South Africa’s maize farmers recorded a bumper harvest in 2010, yet now they face ruin. The price of maize has fallen precipitously in the last 12 months owing to a crisis of over-production of both GM and non-GM maize. A mass exodus from the maize sector is anticipated, with as many as 30% of farmers

Soya – Gates Foundation & Cargill Paper

The SOYA MODEL implies a war against the population, the emptying of the countryside,
and the elimination of our collective memory in order to shoehorn people into towns
and convert them into faithful consumers of whatever the market provides.
The impacts of this model go beyond the borders of the new Soya Republics.
The dehumanisation of agriculture and the depopulation
of rural areas for the benefit of the corporations is
increasing in the North and in the South.
Javiera Ruli in United Soya Republics. The Truth about Soya Production in Latin America
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The Bill and Melinda Gates Foundation has announced a new project to develop the soya value chain in Africa in partnership with American NGO, TechnoServe and agricultural commodity trading giant Cargill. The US$8 million project will be implemented as a four year pilot in Mozambique and Zambia with the intention of spreading the model to other regions in the future.

The Gates Foundation continues to back agricultural strategies that open new markets for strong corporate interests while assisting in the creation of policy environments to support foreign agribusiness‘ interests. The programme will yoke African farmers into the soya

ACB condemnation for Comesa’s draconian free trade policy on GMOs

“The African Centre for Biosafety (ACB) has been handed a document of the Common Market for Eastern and Southern Africa (COMESA)i titled ‘Draft Policy Statements and Guidelines for commercial plantings of GMOs, Trade in GMOs and Emergency Food aid with GMO content.” The Policy intends to undermine and displace more than a decade’s worth of international, regional and national biosafety policies and legislation by usurping the policy space of the Cartagena Protocol on Biosafety (Biosafety Protocol), regional policies on food aid and the sovereign rights of COMESA member states.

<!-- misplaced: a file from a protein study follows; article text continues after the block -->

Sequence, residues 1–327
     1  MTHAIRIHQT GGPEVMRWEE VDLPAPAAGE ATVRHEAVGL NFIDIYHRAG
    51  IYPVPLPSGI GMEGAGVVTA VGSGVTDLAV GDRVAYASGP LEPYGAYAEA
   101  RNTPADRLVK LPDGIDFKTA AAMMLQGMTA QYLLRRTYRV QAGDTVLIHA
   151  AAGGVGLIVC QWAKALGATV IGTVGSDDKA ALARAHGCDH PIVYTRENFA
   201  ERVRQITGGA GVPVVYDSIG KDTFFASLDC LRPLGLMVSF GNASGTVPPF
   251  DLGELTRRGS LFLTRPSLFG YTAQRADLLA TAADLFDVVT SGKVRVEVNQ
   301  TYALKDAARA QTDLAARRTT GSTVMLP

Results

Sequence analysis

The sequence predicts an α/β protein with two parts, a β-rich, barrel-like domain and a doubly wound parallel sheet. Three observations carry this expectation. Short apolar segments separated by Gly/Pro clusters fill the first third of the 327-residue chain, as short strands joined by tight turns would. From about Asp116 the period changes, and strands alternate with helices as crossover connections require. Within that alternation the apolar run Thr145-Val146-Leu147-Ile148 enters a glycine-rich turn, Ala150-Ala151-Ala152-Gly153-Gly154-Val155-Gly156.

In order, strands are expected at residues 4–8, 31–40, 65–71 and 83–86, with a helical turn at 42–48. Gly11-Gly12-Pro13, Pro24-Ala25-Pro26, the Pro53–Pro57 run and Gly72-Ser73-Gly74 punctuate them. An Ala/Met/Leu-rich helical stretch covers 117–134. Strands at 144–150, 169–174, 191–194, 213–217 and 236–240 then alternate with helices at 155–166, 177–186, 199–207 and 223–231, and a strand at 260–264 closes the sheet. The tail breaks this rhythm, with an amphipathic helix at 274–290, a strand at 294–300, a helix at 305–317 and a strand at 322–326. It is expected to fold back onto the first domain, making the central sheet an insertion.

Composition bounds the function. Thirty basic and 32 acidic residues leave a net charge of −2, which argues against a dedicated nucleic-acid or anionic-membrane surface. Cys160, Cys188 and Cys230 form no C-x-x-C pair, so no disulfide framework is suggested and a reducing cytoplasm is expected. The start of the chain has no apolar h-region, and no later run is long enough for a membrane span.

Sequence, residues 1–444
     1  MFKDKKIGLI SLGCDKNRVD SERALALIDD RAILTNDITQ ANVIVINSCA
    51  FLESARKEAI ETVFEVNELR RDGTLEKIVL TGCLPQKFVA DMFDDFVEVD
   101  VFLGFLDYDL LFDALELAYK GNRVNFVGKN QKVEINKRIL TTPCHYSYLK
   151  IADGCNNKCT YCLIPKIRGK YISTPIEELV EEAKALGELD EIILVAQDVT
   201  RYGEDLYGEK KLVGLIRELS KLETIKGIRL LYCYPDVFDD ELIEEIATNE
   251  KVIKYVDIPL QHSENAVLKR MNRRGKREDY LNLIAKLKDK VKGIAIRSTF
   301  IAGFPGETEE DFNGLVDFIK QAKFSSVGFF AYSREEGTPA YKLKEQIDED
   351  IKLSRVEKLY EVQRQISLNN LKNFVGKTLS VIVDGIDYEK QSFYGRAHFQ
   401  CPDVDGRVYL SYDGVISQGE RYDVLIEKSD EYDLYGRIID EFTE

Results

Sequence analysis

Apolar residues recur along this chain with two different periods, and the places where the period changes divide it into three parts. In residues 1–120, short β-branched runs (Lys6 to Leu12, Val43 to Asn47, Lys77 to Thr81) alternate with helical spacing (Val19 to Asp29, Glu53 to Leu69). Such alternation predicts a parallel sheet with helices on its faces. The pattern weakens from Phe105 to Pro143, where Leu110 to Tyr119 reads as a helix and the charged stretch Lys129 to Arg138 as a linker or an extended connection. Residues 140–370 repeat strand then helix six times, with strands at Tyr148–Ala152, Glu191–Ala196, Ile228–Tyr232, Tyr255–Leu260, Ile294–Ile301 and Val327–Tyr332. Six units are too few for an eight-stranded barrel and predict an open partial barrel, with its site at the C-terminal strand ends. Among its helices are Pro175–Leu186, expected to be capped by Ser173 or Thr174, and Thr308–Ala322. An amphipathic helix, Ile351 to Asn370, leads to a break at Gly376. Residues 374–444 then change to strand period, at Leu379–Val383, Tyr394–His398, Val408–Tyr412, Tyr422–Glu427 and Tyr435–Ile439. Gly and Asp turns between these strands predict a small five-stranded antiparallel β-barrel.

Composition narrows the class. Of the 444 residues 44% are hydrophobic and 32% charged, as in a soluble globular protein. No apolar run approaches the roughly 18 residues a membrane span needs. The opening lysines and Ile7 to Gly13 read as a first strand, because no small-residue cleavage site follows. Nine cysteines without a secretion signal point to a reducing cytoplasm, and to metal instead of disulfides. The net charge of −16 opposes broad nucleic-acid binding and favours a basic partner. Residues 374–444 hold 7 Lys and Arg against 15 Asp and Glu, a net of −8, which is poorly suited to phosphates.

The Policy is due to be tabled at a COMESA meeting 12-17 July 2010 in Zambia.

According to ACB director Mariam Mayet “The Policy adopts an aggressive approach to the wholesale proliferation of GMOs on the African continent through a free trade agenda designed to create markets for commercial farmers in the US and South Africa.”

A small group of experts closely aligned to the biotechnology, seed and agrochemical industry, including those from South Africa has drafted the Policy behind closed doors. Stakeholders, particularly African small-scale farmers have been utterly excluded from the process, despite the fact that the Policy will have a major

Comments on COMESA’s Draft Policy on GMOs

The African Centre for Biosafety (ACB) was very recently handed a copy of the Common Market for Eastern and Southern Africa‘s (COMESA) ‘Draft policy statements and guidelines for commercial planting of GMOs, Trade in GMOs and Emergency Food aid with GMO content’. Having perused the policy we are alarmed and outraged that COMESA appears to support the undermining and displacing of more than a decade’s worth of international, regional and national biosafety policies and legislation. It is the ACB‘s opinion that a small group of experts closely aligned to the Biotechnology, seed and agrochemical industry, frustrated by the lack of GMO adoption in African markets, drafted the policy behind closed doors. Stakeholders whose interests will be adversely affected by the far reaching proposals within the policy have been completely excluded from the process.

Further, it seeks to usurp the biosafety policy space of the Cartagena Protocol on Biosafety (the pre-eminent international treaty on the cross border movement of GMOs), regional policies on food aid and the sovereign rights of COMESA member states. We implore COMESA members to reject the policy out of hand at their next meeting, scheduled to take place from the 12th